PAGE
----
UK Business Secretary: Blocking Sites Under DEA Is 'Unworkable'; Time To Add More Exceptions To Copyright
from the about-time dept
Well, well. When the Hargreaves Report came out in the UK, we wondered if it would follow the same path as the similar Gowers Report, in which the government thanked everyone involved, but failed to follow through. That might not be happening in this case. UK Business Secretary Vince Cable is apparently moving forward in trying to back many of the recommendations in the Hargreaves Report. As we noted, the report is quite tame. It doesn’t go nearly as far as many of us would have liked, but it is surprising in that it supports greater exceptions under copyright law.
In fact, part of Cable’s statement is that blocking websites under the Digital Economy Act is “unworkable.” Such sense from politicians? That’s a surprise. He’s also going to move to finally make it official that folks in the UK can rip their own CDs without breaking the law.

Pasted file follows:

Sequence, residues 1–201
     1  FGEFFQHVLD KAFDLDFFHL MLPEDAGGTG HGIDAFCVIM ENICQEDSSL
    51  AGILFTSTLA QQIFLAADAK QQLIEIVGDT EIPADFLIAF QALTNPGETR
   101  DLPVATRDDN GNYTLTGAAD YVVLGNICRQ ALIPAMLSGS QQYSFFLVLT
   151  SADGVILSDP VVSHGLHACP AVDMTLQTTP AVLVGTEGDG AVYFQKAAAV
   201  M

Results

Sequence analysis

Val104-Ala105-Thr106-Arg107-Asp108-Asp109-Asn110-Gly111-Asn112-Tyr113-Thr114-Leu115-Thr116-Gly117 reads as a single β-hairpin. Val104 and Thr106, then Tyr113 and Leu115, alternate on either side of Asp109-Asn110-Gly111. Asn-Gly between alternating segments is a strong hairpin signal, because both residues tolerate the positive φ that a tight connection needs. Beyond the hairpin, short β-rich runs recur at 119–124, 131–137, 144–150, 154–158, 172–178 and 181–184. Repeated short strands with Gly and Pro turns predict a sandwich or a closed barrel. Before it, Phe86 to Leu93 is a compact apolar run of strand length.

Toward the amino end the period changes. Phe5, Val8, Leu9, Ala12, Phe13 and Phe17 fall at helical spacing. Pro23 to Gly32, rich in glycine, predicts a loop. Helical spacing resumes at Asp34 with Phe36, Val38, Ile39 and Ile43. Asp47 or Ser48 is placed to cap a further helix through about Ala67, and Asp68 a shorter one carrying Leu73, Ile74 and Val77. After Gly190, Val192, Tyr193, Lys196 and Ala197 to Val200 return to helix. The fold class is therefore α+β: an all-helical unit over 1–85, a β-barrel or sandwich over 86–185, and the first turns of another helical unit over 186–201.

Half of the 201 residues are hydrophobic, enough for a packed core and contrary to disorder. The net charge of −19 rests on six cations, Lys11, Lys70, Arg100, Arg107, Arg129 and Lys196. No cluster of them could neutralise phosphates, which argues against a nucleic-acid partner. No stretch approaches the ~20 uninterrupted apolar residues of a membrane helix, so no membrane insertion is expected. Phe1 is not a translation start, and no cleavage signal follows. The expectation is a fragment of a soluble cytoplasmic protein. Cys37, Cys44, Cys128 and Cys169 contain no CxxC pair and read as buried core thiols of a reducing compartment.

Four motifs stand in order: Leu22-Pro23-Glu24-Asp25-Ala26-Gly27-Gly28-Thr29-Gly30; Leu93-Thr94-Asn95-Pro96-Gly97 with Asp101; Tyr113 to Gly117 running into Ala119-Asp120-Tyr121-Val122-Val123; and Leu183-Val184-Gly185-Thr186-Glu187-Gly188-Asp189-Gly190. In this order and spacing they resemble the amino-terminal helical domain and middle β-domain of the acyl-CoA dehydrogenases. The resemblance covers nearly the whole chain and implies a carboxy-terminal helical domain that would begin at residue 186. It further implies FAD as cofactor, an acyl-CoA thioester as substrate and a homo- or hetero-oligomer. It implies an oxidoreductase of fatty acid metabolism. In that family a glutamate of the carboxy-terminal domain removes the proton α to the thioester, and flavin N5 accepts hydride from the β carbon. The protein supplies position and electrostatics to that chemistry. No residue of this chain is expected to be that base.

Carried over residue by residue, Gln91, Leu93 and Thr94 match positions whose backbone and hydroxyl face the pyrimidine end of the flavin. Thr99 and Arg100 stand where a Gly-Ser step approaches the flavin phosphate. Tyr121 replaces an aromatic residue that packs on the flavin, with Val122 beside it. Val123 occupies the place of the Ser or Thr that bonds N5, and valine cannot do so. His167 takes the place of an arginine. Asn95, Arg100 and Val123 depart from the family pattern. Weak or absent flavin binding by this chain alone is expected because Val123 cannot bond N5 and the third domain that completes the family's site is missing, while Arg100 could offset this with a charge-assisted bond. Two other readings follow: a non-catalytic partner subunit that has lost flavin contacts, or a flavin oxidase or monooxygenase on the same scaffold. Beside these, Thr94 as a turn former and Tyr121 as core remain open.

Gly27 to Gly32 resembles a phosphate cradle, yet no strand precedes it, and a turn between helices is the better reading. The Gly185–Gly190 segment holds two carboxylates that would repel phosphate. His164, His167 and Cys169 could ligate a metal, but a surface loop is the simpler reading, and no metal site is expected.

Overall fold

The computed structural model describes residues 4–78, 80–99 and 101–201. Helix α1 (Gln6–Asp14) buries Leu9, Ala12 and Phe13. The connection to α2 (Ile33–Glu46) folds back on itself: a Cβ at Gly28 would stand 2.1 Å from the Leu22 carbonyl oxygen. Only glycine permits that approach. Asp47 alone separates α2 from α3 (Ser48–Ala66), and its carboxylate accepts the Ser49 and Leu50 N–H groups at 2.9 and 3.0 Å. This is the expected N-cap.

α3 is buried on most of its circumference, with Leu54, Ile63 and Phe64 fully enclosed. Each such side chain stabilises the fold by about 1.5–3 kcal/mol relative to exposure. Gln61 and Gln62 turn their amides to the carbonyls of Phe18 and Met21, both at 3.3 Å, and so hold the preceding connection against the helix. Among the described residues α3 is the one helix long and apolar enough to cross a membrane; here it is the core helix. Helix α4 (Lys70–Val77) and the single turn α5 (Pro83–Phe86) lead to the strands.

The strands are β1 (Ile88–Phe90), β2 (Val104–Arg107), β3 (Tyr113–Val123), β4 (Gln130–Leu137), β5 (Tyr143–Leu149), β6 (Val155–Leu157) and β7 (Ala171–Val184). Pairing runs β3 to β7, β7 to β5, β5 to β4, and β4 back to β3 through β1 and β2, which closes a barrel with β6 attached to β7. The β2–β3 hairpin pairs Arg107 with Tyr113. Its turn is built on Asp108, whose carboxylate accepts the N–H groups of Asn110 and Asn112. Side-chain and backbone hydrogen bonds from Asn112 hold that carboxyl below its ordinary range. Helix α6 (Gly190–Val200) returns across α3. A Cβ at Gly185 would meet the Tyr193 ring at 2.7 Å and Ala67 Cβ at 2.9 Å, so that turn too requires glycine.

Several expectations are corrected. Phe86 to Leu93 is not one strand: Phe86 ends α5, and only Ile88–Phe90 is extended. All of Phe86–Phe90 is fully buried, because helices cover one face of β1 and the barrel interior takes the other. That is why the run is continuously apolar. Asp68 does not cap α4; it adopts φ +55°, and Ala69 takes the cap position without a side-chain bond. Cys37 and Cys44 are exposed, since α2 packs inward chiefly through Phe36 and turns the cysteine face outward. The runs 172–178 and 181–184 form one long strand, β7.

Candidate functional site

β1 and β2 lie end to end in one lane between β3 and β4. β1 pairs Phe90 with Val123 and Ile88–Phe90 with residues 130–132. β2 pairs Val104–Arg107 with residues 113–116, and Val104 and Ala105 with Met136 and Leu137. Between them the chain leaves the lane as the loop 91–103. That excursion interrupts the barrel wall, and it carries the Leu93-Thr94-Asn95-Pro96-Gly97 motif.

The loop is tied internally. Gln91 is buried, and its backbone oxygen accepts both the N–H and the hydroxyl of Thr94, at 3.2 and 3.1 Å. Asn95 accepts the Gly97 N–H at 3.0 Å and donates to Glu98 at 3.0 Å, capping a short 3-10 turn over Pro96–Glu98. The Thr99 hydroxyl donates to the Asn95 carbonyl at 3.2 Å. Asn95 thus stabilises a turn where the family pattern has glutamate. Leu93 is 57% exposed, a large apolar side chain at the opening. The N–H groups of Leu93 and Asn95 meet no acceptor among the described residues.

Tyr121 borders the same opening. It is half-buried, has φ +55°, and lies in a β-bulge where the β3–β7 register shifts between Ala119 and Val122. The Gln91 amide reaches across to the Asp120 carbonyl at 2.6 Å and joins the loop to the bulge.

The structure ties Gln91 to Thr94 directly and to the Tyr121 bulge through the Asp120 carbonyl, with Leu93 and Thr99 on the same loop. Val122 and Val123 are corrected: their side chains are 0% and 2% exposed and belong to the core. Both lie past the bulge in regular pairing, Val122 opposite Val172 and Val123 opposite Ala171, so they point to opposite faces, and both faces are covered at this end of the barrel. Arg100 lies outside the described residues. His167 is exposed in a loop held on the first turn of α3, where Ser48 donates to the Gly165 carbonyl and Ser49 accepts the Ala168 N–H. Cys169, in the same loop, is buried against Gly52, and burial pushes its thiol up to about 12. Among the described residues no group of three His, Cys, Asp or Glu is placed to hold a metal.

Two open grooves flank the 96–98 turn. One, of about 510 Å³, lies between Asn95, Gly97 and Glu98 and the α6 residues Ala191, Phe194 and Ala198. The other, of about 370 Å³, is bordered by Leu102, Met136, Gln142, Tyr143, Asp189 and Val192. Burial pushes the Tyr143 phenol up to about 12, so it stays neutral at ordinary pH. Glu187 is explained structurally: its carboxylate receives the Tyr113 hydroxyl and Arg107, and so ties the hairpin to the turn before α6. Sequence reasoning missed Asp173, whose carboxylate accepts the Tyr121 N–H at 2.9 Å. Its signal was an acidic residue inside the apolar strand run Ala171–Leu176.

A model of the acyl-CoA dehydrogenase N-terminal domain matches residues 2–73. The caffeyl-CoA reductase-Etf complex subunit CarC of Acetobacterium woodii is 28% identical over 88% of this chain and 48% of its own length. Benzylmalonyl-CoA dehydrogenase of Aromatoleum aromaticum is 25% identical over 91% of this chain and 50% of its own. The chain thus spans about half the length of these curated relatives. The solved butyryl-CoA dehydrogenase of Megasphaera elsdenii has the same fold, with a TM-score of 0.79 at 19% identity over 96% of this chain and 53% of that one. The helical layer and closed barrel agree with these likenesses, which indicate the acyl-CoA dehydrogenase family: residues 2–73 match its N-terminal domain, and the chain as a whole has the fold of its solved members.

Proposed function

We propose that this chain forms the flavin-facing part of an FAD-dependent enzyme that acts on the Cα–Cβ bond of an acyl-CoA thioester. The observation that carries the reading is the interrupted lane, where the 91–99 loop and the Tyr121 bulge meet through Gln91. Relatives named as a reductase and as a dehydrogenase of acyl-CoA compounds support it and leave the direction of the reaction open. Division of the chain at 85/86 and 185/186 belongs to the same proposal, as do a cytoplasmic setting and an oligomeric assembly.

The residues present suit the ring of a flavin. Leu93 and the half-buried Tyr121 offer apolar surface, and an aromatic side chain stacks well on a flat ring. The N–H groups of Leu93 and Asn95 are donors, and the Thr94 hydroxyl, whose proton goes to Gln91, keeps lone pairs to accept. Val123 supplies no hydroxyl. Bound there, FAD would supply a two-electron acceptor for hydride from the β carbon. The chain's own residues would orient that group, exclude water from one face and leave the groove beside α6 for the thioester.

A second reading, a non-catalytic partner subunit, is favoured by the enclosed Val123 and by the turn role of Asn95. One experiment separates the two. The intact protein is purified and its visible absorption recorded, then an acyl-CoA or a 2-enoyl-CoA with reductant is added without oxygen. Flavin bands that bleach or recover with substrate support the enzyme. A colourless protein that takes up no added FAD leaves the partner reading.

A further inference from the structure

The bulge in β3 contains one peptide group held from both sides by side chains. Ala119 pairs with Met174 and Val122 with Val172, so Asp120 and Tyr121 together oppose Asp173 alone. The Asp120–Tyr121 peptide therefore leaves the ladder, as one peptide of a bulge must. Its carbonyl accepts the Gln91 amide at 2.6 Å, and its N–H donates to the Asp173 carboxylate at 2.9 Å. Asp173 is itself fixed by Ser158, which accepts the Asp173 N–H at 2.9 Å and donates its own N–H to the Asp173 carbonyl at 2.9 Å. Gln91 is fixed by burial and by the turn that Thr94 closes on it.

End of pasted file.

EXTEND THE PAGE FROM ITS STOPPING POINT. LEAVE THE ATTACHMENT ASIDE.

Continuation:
Of course, as I predicted when the Hargreaves Report first came out… the usual suspects are freaking out about all of this.
Lavinia Carey, director-general of the British Video Association, said such a change would be ?extremely damaging?.
?It?s for the rights owner to decide how to offer the [digital] copy,? she said. ?People will find it much harder to forecast revenues to investors who are looking at funding new projects.?
This strikes me as disingenuous. Saying that it’s “up to the rightsholder” is an interpretation of the law that assumes the rightsholder has full control. Yet, the law does not say that. And furthermore, the entire point of this discussion is to figure out who it’s really up to, so just declaring that it’s entirely up to the rightsholder, when that’s the point of the discussion, seems misleading. And the clear argument here is that the law should be clear that consumers have rights to make their own personal copies of media they have legally obtained. Claiming that this will hurt investment in the industry is pure nonsense. It’s FUD from an industry that still refuses to adapt to what the technology allows.